Sébastien Brebel - The narrator of Villa Bunker receives letters, dozens of them, written by his mother in an isolated seaside villa, which tell of his parents’ troubles in this uninhabitable house, soon to become a kind of labyrinth roamed by memories and long-buried emotions
Sébastien Brebel, Villa Bunker, Trans. by Ernesto Mestre-Reed, Dalkey Archive Press, 2013.
A dilapidated seaside villa whose interior opens upon a landscape of memory and madness is the setting for this story about the ways our homes come to define our personalities.
The narrator of Villa Bunker receives letters, dozens of them, written by his mother in an isolated seaside villa, which tell of his parents’ troubles in this uninhabitable house, soon to become a kind of labyrinth roamed by memories and long-buried emotions. At first the narrator’s parents fret most about the villa’s physical deterioration, but soon their own psychological deterioration becomes the inescapable focus of their stories. Is their joint madness due to the villa’s aberrant architecture? Or is its isolation to blame? Or were they mad all along? The narrator is left to decipher the clues, himself in turn becoming prey to his own house, which, like memory and time, seems in a state of permanent metamorphosis.
The copy of Villa Bunker, offered both on the Dalkey Archive website and the back of the book itself, presents the narrative contained within as follows:
The narrator of Villa Bunker receives letters, dozens of them, sent by his mother from an isolated seaside villa. These letters recount his parents’ troubles in this uninhabitable house, which will soon become a kind of labyrinth haunted by memories and long-buried emotions. At first the narrator’s parents are worried about the villa’s physical deterioration, but soon their own psychological deterioration will become the focus of their tale. Is their madness due to the villa’s aberrant architecture? Is its isolated location to blame? Or were they mad all along? The narrator is left to piece together the clues, in turn falling prey to a villa of his own imagination, which like memory and time is in a state of constant metamorphosis.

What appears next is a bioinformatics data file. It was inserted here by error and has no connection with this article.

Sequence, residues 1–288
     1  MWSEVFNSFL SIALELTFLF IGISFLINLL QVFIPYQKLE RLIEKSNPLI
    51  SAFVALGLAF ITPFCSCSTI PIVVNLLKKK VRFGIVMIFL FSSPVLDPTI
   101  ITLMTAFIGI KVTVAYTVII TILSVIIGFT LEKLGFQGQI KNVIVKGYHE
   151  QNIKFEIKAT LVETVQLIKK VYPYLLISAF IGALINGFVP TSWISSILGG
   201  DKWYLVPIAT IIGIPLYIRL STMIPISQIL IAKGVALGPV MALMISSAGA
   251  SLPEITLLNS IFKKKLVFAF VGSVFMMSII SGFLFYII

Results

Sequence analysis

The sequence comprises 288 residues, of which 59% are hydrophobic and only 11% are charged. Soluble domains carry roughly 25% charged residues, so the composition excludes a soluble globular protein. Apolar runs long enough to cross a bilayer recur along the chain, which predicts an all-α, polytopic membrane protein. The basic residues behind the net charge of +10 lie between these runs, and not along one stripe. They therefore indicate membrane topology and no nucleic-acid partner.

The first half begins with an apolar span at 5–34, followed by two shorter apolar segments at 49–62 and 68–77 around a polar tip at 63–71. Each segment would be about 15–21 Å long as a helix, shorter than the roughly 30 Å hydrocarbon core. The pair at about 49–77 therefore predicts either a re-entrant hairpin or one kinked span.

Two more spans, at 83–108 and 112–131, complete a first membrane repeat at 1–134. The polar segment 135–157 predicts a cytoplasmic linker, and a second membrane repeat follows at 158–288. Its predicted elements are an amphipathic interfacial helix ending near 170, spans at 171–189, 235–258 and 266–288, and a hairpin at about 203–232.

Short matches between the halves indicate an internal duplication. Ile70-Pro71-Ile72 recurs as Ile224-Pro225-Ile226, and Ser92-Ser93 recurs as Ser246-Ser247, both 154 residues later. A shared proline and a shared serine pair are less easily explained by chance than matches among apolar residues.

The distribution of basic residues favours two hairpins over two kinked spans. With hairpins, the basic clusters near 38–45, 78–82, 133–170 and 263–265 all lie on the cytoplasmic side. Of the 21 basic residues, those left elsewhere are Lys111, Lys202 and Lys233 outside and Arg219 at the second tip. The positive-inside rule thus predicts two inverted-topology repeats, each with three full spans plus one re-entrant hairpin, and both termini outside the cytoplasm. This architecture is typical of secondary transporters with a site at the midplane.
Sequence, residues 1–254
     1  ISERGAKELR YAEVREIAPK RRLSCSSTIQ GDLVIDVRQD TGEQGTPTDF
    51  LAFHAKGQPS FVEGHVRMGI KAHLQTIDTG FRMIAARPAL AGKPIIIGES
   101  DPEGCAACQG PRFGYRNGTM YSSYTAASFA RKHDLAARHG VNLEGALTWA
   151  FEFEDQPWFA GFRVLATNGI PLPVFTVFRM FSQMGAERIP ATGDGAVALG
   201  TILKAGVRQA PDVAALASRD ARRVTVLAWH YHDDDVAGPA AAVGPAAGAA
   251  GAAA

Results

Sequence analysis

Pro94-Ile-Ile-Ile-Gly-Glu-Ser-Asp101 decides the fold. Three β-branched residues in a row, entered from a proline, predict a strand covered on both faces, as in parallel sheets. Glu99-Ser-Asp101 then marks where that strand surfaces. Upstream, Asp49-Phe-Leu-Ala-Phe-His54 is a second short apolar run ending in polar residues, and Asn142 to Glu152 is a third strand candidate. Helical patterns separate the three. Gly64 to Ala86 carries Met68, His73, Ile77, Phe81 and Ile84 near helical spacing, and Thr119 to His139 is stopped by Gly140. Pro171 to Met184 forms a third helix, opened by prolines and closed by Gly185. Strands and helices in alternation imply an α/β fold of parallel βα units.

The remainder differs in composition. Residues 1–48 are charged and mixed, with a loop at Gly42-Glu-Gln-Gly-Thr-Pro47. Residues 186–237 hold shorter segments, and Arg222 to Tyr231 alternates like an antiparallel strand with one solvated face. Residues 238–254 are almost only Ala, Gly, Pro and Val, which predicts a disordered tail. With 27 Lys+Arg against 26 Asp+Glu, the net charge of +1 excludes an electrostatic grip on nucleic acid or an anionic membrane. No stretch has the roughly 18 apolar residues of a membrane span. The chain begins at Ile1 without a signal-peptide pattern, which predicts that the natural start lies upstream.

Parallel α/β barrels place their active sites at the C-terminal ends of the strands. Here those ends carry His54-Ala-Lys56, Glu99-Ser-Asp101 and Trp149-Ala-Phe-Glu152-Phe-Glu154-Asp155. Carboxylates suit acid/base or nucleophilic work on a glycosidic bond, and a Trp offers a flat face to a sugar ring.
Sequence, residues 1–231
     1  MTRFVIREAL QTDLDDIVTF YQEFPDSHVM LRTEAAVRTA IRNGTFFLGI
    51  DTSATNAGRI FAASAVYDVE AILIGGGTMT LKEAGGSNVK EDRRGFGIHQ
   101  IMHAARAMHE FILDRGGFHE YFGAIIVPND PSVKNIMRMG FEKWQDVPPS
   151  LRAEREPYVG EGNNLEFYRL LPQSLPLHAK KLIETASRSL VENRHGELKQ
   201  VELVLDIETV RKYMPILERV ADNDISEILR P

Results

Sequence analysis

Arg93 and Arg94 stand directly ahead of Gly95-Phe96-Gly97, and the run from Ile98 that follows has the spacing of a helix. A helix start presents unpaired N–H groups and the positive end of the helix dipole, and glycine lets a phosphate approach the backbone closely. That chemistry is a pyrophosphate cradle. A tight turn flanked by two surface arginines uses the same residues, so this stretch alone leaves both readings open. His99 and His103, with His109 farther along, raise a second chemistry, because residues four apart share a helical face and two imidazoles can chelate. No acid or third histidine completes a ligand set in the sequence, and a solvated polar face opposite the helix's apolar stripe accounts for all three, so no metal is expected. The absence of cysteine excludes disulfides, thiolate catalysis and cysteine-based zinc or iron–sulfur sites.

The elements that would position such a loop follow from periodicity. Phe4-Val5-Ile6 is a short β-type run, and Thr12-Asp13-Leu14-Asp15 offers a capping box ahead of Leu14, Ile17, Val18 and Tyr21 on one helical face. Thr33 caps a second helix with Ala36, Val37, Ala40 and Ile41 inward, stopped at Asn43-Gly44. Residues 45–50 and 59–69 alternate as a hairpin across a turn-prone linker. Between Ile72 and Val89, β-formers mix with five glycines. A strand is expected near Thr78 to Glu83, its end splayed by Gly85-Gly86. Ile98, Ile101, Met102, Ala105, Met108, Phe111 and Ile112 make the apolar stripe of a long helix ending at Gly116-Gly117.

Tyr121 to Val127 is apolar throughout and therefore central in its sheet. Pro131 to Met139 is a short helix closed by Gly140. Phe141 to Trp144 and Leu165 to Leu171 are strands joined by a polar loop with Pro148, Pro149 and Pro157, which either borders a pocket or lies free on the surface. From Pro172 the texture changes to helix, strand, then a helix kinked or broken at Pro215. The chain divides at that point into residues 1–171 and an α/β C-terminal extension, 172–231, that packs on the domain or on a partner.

This piqued my interest, as someone, purely on a level of narrative and story, finds himself remarkably interested in labyrinthine houses. A blurb for the book, from Fabrice Lardreau, calls the book “an unexpected cross between Danielewski’s House of Leaves and Robbe-Grillet’s geometric and obsessional universe in Jealousy.” Between the copy and this blurb, I was convinced I wanted, if not needed to read it. Besides, as someone who is perpetually interested in French fiction, I’m always curious to read more of the contemporary authors that clearly work in a lineage descended from my favorites, like the new-novelists & the post-Tel Quel novelists.Reading the novel, I found myself more than satisfied, though perhaps not in the way I had expected. There is a shifting spatial element to the villa, recorded by the mother in her letters to her absent son, that certainly recalls the inner-narrative of “The Navidson Record” found in Danielewski’s tomb. There is, also, an almost fetishistic level of attention, at time, to minutiae, that certainly recalls Robbe-Grillet. But overall, the extent of these comparisons end at a surface level, leaving the very strange text to move like an abject music score—though not through any formal techniques, but rather through the construction of the narrative itself.